accept everyone. Children who don’t seem quite right in one way or another have been made fun

of and ignored for so long and a change in conversation is needed to create a more inclusive

environment.

Section 3: Encouraging Self-Advocacy

To prevent bullying it is important to have a mentor f​or the c​hild. A mentor cannot only

give the child self motivation, but it can also help the child become more self disciplined. “Find a

mentor or buddy your child feels comfortable with to report bullying” (Sandison). Having a
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mentor can help prevent bullying since a bully often preys on a child who is alone. Additionally,

it is important to stay connected with people that are trusting. Having support will help maintain

independence and not be afraid to talk to others. “Bullies operate by making their victims feel

alone and powerless. Children reclaim their power when they make and maintain connections

with faithful friends and supportive adults.” (Whitson). Having supportive adults is important

because it will help an individual’s emotional wellbeing.

Further, re-defined tattling is when the victim of bullying talks about this to trusted

people and the bully begins to feel threatened because others know about the situation. “When a

bully realizes that they will not be able to keep a victim isolated, they immediately begin to lose

power” (Whitson). The victim should be able to tell an adult or another person so the bully

begins losing power.

Responding assertively is a technique used when talking to children who are victims to

explain that they need to stand up for themselves and be confident. “Teach your child that taking

action against the bully and taking it sooner rather than later is the best way to gain and retain

power” (Whitson). The person who is being bullied should speak up themselves, be an advocate,

and when the need arises, talk with other people.

Leaving in a positive way is when victims try to avoid danger or trouble sometimes with

the help of trusted people. If the victim is alone, they should remove themselves from a bad

situation. “Leaving an unsafe situation is often the wisest and most effective solution for getting

away from trouble” (​Face Bullying​). Stepping out of line or changing seats is often the safest

choice for getting away from someone who is acting unsafely.


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Acting with confidence and taking charge of yourself, your body language, and walking

away from something bad or standing up for yourself will help develop confidence because

students do not want to feel inferior around the bully. “Projecting a positive, assertive attitude

means holding your head high, keeping your back straight, walking briskly, looking around, and

having a peaceful face and body” (​Face Bullying​). It is important to show young people the

difference between being passive, aggressive, and assertive in body language. Tone of voice and

choice of words also makes a difference.

Counterargument

It seems very difficult to defend the act of bullying. Research shows that there is plenty

of evidence that condemns bullying so it may seem awkward to develop a counter argument in

support of it. The majority of people have the opinion that bullying is inexcusable, as it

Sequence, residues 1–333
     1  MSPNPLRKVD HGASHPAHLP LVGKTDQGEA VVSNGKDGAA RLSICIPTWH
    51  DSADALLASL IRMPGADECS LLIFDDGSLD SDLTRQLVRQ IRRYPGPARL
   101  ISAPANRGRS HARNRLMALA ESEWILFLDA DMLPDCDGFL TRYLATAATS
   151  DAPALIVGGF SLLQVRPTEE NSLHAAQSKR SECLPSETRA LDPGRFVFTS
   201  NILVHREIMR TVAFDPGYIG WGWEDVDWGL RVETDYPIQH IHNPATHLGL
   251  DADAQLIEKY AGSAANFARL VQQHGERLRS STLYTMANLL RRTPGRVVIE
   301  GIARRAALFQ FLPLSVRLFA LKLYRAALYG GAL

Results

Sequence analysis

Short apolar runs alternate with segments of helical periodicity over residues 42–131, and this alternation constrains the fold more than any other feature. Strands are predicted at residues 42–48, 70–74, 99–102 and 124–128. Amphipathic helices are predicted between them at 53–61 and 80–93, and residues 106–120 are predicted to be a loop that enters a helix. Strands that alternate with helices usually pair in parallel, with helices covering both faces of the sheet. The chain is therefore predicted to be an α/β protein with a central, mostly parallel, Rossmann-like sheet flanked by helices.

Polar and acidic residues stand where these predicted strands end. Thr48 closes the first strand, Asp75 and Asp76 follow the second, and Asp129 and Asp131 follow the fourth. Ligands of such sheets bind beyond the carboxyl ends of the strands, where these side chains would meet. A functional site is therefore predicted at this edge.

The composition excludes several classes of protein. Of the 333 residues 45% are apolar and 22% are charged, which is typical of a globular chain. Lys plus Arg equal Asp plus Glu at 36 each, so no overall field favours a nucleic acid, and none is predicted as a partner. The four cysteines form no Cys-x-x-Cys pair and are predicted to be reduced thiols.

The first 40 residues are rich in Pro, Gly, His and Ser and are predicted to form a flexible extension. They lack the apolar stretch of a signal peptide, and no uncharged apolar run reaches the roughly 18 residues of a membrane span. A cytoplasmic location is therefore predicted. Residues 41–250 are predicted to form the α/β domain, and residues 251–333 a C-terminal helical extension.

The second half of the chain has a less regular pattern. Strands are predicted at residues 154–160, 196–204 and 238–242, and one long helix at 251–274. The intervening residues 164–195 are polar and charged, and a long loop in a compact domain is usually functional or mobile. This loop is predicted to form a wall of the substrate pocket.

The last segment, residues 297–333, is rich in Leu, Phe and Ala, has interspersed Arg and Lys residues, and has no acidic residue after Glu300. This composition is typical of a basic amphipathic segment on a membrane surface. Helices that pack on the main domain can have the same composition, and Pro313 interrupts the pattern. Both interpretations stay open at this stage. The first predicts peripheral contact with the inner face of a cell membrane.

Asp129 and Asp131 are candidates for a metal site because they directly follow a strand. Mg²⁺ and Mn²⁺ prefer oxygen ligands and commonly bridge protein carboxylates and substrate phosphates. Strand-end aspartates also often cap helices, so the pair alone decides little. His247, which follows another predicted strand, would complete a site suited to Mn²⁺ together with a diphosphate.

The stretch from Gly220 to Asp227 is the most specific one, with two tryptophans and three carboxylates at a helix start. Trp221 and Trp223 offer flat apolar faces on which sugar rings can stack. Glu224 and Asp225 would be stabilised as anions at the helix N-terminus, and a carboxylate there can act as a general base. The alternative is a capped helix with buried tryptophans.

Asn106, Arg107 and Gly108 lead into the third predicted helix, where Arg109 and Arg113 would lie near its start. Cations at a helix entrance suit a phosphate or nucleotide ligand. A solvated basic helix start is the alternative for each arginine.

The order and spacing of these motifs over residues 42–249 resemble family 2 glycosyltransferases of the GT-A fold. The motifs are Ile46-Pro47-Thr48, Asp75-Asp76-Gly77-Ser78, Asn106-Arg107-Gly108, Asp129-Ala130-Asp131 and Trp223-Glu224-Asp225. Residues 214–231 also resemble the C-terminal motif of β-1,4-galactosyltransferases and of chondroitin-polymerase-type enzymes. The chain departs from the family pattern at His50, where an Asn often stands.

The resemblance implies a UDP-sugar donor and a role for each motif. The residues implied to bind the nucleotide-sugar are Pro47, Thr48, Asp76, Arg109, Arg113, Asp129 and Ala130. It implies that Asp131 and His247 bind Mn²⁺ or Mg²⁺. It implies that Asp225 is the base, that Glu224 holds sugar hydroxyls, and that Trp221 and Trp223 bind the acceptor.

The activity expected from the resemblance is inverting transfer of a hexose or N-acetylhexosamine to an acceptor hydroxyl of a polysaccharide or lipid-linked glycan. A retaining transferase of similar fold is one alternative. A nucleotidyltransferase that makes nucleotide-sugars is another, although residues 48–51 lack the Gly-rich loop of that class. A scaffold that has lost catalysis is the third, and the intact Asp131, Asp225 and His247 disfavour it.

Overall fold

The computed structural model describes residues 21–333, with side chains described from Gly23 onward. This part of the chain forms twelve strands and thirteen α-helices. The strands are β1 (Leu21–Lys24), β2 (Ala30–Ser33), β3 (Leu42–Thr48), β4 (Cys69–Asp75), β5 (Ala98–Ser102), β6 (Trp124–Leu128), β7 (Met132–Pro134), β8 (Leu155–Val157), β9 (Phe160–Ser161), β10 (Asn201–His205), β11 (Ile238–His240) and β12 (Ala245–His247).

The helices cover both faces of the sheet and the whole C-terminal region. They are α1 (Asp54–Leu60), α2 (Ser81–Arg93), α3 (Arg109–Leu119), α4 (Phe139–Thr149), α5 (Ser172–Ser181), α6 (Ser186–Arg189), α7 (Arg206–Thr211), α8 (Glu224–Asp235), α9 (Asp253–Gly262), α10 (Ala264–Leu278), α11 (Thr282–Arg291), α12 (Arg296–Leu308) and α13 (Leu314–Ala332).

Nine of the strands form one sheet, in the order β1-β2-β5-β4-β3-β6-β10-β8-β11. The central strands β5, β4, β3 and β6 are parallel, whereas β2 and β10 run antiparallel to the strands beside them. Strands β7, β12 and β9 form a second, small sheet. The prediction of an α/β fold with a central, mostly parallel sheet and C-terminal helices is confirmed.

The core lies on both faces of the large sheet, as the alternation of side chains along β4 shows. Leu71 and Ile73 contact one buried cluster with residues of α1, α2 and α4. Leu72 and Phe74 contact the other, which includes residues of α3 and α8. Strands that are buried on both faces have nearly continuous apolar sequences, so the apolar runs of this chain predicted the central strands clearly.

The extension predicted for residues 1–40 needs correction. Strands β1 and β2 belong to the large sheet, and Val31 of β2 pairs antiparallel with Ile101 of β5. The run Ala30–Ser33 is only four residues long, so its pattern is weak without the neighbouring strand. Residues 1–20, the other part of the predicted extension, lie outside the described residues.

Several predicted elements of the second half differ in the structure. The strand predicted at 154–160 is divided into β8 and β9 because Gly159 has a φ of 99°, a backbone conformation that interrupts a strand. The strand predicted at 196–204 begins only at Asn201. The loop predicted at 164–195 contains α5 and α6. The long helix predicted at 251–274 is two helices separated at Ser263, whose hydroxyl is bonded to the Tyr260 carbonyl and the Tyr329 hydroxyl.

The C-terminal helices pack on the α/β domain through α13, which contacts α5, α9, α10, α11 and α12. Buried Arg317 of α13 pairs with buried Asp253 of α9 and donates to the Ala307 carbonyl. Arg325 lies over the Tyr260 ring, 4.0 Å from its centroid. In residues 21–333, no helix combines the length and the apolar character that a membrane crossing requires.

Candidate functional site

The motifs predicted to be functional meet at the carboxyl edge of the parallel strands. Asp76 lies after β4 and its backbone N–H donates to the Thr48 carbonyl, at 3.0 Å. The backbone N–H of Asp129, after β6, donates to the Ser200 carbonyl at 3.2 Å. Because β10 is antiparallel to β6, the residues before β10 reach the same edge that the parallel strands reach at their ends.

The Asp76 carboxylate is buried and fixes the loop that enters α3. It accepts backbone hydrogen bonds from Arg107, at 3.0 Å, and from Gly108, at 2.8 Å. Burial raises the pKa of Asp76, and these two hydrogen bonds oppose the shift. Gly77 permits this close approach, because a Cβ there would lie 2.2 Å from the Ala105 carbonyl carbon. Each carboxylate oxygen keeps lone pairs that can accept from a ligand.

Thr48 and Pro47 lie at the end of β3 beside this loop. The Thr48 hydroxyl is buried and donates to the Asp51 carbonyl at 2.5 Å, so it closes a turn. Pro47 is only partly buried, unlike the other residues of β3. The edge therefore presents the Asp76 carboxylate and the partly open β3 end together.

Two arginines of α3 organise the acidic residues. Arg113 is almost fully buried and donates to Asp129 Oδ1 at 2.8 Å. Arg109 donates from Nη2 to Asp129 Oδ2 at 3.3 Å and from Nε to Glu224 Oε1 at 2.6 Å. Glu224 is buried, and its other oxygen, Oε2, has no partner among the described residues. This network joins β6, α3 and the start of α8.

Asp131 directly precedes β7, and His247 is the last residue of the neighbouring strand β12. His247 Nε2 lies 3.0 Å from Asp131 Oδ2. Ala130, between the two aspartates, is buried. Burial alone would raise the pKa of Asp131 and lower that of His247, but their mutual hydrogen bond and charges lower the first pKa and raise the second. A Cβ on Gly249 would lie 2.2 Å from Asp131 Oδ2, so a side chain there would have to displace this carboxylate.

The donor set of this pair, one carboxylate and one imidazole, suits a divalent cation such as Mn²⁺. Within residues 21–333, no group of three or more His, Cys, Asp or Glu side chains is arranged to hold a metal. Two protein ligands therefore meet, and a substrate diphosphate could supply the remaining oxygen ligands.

disregards those affected by the act. However, some argue that bullying is a form of character

building and young people actually learn useful life skills as a result of being bullied. Some

people might argue that hardship and struggle can lead to greatness. Some might say that without

bullies, this world would be without great men and women who have learned about strength and

courage. Yet, sometimes, excessive bullying can lead to depression. In some instances, the

bullying can become so bad that children may contemplate suicide, ”​Of all the negative

outcomes associated with bullying, suicide is definitely the cause for greatest concern. Along

with being the third-leading cause of death among 10 to 19 year-olds in the United States”

(Vitelli). ​Schools teach students to speak up when they feel like they are being mistreated or

bullied, but some argue that this tactic just encourages children to be tattletales who never learn

the skills to defend themselves. However, while people may believe that bullying is a form of
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character building, it is still important to encourage students to come forward when they witness

bullying or are victims themselves.

Conclusion

With the recent focus on the toll of school bullying, more schools are updating their

anti-bullying policies and states are giving the issue renewed legislative attention. Even with

these changes, bullying still is a widespread problem, especially when it comes to children with

autism. Schools need to develop anti-bullying programs that are comprehensive and involve the

entire school and not just individual students. Research shows that programs that work well help

encourage a warm school environment in which diversity is celebrated; they also rely on adults

at the school, from the principal to the staff and personnel, to set a tone that clearly indicates that

bullying is not acceptable. “Students in schools that create such a welcoming atmosphere

perform better academically” (Milson). ​The reality is that students on the autism spectrum are

bullied more often than students with other disabilities because students with autism find it

difficult to detect and understand that they are being abused both physically and mentally.

Therefore, it is important that schools start conversations, increase awareness, and move towards

acceptance with the goal of encouraging self-advocacy.